should this be for whomever?
Grammarians, specially the traditionals, tell to use whom in form of object.
In India I, as a child, was taught that "Whom" is loosing its place in Modern English and "who" is used in its place.
However Later, I read the word 'whom' in many of the books based on communicative approach.
|link comment||answered Apr 23 '12 at 08:58 Rahul Gupta Expert|
Whom is the object of a preposition. Who is the subject, the person doing the action. Examples of usage: Who wrote the essay? Who is the subject. Wrote is the verb. Essay is the object.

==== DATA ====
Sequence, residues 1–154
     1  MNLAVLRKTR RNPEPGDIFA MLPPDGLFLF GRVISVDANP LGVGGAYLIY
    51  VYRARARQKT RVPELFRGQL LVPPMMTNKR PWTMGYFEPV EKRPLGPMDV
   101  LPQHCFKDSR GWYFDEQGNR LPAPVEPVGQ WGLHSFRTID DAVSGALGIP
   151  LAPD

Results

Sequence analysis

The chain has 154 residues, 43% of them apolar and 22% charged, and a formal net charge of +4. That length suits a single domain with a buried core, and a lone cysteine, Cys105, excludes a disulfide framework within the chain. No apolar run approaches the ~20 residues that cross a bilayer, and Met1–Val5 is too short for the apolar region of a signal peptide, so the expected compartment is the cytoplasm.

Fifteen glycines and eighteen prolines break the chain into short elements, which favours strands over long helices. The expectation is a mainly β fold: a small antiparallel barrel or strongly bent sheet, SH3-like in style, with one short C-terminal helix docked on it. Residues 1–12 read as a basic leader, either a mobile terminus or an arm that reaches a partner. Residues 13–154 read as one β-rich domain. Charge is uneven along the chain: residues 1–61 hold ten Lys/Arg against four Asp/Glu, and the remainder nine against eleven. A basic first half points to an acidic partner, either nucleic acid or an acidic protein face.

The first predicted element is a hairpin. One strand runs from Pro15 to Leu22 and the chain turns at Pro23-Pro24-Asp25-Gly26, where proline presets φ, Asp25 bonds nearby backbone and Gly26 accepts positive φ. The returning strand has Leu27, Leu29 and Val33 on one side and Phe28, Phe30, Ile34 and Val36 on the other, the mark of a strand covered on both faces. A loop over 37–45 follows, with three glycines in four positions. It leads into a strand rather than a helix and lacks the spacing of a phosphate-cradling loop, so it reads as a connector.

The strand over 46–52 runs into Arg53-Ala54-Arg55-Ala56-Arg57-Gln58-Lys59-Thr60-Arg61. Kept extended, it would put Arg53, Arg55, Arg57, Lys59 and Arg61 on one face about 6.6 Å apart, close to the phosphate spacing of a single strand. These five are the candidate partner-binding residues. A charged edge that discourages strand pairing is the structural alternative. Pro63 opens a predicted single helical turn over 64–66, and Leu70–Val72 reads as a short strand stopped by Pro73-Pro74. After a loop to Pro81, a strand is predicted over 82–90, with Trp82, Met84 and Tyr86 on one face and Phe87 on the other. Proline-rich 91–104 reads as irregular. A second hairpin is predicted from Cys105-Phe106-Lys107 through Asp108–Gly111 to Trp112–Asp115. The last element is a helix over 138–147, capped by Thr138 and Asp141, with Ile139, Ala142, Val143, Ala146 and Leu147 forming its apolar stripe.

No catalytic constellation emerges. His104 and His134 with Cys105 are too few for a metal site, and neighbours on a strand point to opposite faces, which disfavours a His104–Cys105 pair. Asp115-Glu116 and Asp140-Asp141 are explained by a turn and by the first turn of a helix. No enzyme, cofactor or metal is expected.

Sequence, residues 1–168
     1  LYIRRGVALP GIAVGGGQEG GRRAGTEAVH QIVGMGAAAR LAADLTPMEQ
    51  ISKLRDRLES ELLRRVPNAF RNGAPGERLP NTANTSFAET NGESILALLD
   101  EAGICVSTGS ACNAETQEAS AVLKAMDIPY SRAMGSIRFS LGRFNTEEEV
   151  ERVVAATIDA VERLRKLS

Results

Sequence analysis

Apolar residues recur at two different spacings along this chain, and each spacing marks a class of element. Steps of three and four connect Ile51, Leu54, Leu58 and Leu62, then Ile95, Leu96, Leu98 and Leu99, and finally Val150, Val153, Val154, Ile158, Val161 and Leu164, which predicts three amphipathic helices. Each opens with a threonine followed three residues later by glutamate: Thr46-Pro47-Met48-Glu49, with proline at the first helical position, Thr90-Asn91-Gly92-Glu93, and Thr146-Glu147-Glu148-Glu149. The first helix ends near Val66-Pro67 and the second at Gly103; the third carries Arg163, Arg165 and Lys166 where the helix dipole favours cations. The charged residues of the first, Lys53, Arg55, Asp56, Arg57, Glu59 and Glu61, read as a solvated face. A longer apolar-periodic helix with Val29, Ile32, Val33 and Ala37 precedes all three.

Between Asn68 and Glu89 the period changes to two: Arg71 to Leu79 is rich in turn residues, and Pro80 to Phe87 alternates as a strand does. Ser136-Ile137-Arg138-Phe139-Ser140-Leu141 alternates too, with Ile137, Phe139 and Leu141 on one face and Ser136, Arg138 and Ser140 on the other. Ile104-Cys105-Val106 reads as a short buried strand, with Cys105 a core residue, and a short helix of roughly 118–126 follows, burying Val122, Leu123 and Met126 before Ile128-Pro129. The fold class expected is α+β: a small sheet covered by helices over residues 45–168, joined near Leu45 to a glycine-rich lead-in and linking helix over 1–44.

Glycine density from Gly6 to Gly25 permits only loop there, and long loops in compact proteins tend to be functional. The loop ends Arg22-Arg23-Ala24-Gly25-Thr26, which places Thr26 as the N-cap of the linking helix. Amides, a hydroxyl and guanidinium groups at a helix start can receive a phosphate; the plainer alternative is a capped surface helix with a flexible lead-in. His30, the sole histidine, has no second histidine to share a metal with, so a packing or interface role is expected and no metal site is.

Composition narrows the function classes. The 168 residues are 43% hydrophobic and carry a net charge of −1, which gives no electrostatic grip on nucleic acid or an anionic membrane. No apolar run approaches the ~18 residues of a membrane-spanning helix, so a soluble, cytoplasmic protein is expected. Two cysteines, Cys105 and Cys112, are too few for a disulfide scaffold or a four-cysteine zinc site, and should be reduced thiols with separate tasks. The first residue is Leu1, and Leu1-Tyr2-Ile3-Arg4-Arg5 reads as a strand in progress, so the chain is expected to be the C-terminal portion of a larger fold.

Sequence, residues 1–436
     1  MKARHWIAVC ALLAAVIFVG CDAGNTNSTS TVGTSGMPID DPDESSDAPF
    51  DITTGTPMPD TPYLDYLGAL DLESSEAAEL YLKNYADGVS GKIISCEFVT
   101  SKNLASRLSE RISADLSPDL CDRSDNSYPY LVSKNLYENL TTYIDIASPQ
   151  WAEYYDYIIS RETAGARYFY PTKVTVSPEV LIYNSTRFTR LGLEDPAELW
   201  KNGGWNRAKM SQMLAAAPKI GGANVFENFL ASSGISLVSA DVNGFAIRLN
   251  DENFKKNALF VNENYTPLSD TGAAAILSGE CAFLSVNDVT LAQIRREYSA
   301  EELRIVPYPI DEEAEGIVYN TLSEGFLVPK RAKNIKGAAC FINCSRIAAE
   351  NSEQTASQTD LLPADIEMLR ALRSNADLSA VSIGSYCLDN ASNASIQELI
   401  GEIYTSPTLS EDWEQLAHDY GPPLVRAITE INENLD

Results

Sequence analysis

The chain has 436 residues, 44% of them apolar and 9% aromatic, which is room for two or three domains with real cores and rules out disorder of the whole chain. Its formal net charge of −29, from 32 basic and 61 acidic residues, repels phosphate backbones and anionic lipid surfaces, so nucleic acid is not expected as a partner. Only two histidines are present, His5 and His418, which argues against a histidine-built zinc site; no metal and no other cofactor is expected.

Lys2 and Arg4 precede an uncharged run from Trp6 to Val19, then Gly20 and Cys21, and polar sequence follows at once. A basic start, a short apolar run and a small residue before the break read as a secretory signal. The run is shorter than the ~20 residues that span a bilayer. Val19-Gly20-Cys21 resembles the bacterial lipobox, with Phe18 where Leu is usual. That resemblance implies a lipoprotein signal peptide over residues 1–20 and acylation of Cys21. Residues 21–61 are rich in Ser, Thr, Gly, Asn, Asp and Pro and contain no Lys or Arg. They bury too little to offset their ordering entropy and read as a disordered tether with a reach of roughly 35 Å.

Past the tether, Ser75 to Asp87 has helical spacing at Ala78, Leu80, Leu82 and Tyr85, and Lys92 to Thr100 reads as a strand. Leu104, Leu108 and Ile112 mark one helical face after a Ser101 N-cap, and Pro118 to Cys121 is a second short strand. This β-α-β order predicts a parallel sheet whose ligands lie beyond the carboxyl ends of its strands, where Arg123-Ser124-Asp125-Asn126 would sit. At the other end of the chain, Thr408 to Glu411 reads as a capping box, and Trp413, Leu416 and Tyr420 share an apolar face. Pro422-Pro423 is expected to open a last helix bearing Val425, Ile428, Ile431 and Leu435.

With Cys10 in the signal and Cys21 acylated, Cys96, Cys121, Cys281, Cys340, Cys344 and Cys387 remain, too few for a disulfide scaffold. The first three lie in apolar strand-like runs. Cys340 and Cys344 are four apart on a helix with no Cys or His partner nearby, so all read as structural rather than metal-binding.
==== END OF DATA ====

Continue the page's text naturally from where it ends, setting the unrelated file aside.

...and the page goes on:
Whom shall I call? I is the subject. Call is the verb. Whom is the object. (I shall call whom?)To whom is the party to which I am speaking? I(subject is doing the action.) (Whom is the person, or thing, being acted upon, or receiving the action) I am speaking to whom? Is that confusing enough?
Whom is a stuffy sounding word. Generally, people don't use it in speech. If you are writing dialogue, I would suggest using Who, instead of Whom. Hope this is helpful.
|link comment||answered Apr 24 '12 at 05:38 Kevin Knott New member|
Hero of the day
Person voted on the most answers.